Proctor continues fight for life despite kidney disease
A positive outlook on life as well as being surrounded by a medical team dedicated to survival keeps Bill Proctor, 81, alive these days, despite an ongoing eight-year battle with kidney disease. His love of his wife, Darlene, and an attitude of thanks make each day worth living, the Pratt man said.
“I have regular visits and exams by seven physicians to hold me together,” Proctor said. "My Parkwood team also plays a big part in my fight to stay alive. It's not easy but I have the best people around me."
Bill and his wife Darlene Proctor moved to Parkwood Village in Pratt two years ago, where they depend on staff to help with their daily care, including a ride for Bill to 4:30 a.m. kidney dialysis sessions at Pratt Family Clinic.
"I've been going three times a week, every morning, but one day I forgot to reset my clock for daylight savings time," Proctor said. "My people here got me up and to my appointment in time. It's what keeps me alive. I appreciate so much those who care enough to help me stay alive."
Proctor's battle with kidney disease started eight years ago when he noticed he was having trouble breathing. Originally, his doctor believed he had congestive heart failure, which has similar symptoms to those of kidney failure. Luckily, a physician's assistant was able to spot it before the kidney failure lead to his waste filling up his lungs and suffocating him, which is what happens when the condition is left untreated.
"When my kidneys failed I was already too old to be added to the long, long list of people waiting for a kidney transplant," Proctor said. "Even if I had been young enough, I couldn’t afford to get one as Medicare doesn’t cover the cost of the anti-rejection drug that costs around 25,000 dollars a year."
Proctor's only options were peritoneal dialysis or hemodialysis. He chose hemodialysis which requires him to get hooked to a machine for five hours, three days a week, which clears his blood of his waste now that he doesn’t have kidneys to do that for him.
He has a special "sticker," an integral part of his fight for life team, named Josh Powell, whom he particularly enjoys visiting with at each early morning session at the Pratt Family Clinic.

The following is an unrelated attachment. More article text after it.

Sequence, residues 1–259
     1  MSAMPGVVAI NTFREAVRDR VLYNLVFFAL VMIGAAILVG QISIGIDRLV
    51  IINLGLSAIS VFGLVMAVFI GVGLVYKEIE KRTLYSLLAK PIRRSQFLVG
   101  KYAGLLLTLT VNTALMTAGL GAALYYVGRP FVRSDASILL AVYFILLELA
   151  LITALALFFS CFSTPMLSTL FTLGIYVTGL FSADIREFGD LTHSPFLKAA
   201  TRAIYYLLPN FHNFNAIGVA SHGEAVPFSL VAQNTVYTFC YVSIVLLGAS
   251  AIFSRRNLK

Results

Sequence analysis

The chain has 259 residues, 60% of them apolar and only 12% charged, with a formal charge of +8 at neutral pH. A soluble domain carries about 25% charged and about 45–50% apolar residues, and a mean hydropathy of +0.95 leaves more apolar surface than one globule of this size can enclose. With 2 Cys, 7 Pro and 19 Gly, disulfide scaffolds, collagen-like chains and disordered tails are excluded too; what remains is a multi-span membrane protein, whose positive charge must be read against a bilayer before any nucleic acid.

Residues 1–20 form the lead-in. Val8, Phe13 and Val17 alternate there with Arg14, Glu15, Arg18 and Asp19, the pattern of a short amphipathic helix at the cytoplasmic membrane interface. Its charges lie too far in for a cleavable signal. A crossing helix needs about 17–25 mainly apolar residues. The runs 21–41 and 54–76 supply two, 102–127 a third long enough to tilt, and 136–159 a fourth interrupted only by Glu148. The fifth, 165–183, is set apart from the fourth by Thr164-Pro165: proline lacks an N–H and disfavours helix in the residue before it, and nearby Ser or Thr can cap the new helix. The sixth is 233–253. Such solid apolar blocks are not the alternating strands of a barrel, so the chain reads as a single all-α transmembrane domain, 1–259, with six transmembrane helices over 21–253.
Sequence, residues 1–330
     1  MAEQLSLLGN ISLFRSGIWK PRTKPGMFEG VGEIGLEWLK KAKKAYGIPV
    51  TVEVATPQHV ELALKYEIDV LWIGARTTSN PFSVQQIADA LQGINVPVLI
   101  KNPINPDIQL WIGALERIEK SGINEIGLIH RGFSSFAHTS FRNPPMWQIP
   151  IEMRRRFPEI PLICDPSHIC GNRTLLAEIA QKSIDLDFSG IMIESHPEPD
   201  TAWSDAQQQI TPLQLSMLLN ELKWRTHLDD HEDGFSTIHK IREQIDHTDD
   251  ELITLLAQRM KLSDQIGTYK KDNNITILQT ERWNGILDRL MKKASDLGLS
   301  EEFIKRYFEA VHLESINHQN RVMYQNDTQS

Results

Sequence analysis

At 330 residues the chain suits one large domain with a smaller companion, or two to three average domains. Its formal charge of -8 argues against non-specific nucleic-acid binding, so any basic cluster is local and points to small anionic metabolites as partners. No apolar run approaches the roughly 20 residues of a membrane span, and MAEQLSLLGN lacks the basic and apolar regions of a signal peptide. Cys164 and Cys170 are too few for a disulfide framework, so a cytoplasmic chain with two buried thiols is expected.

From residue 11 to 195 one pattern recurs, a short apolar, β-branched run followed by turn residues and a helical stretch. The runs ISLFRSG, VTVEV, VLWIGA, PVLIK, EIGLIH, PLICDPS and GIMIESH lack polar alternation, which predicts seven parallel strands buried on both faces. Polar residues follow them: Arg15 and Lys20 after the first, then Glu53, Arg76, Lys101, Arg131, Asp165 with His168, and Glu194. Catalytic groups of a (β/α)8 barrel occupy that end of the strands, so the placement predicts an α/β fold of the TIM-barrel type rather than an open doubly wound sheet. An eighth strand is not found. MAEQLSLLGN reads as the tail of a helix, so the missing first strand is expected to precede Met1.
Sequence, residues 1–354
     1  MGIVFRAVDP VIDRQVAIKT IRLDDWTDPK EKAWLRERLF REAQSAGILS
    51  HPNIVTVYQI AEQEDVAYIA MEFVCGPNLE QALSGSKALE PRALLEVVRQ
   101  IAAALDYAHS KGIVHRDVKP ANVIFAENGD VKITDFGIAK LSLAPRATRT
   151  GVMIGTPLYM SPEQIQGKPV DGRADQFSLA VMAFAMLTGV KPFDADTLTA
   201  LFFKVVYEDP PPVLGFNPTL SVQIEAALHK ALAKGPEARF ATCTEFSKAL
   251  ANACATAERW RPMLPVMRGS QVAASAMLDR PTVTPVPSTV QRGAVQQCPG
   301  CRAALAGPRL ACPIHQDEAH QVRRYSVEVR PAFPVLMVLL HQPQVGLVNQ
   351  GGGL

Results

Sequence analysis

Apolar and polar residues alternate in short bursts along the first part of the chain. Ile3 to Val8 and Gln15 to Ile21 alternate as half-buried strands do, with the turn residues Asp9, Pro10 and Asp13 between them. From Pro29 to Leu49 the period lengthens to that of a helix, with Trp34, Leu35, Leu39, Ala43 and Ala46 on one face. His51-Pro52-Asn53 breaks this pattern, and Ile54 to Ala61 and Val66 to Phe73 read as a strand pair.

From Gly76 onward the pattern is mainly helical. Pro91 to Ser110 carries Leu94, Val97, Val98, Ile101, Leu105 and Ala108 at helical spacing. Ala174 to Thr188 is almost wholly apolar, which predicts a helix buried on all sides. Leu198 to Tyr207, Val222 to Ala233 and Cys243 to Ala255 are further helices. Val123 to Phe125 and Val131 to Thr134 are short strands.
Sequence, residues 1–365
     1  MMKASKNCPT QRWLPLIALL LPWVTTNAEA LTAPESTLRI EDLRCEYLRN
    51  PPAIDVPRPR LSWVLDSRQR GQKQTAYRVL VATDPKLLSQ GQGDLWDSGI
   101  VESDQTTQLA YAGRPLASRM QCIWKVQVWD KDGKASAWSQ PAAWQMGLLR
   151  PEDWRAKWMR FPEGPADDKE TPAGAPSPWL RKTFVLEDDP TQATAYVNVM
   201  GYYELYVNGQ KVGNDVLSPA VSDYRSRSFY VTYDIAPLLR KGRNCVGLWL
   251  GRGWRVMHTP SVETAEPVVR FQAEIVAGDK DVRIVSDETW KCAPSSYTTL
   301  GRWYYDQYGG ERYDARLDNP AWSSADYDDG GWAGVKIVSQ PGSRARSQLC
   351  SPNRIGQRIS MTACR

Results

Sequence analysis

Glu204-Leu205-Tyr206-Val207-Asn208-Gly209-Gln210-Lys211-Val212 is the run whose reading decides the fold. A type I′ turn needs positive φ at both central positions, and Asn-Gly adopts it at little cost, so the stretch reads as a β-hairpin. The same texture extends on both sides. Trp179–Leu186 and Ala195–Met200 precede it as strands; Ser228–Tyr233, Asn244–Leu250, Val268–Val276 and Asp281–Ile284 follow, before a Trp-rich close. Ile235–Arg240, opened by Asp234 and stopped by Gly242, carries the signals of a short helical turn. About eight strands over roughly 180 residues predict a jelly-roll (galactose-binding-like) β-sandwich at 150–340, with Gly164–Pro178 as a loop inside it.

"Josh is good at what he does," Proctor said. "He is a fine, young man. He inspires me and I am so glad to have him as part of my team. The five hours on Monday, Wednesday, and Friday I spend to stay alive is such a blessing that I look forward to it. It might be hard to get going so early every morning, but I feel good as I get back in time for lunch with my darling Darlene."
Michael Grant is the doctor who supervises these visits. Michele Gilpin and Nurse Leslie are also key to his survival, according to Proctor.
“When I first started out with dialysis in 2012, there were people ready to bury me. And if I hadn’t had this attitude that I want to live, I wouldn't have celebrated Christmas with my family,” Proctor said. “We live on borrowed time, my wife and I, she has health problems too. But at the worst time, when I was diagnosed, for 44 days, three hospitals, and two nursing homes, she [Darlene] came to see me every day. She said to me, 'We’re gonna make it.'"
Next to the Proctors' bed in their Parkwood apartment is a framed paper with the title “Bill Proctor’s GOALS of Mindfulness and Meditation.” It lists nine ways for him to deal with his kidney failure. The first one being: I shall be good to myself and others with compassion and love.
Surrounded by their medical and care team, each other and family and friends, the Proctors continue to enjoy life. He works as an Ombudsman for the state of Kansas and the Southwest Kansas Area Agency on Aging, and writes several stories a week for various print publications, including The Pratt Tribune. They are both active members of the Pratt Lions Club.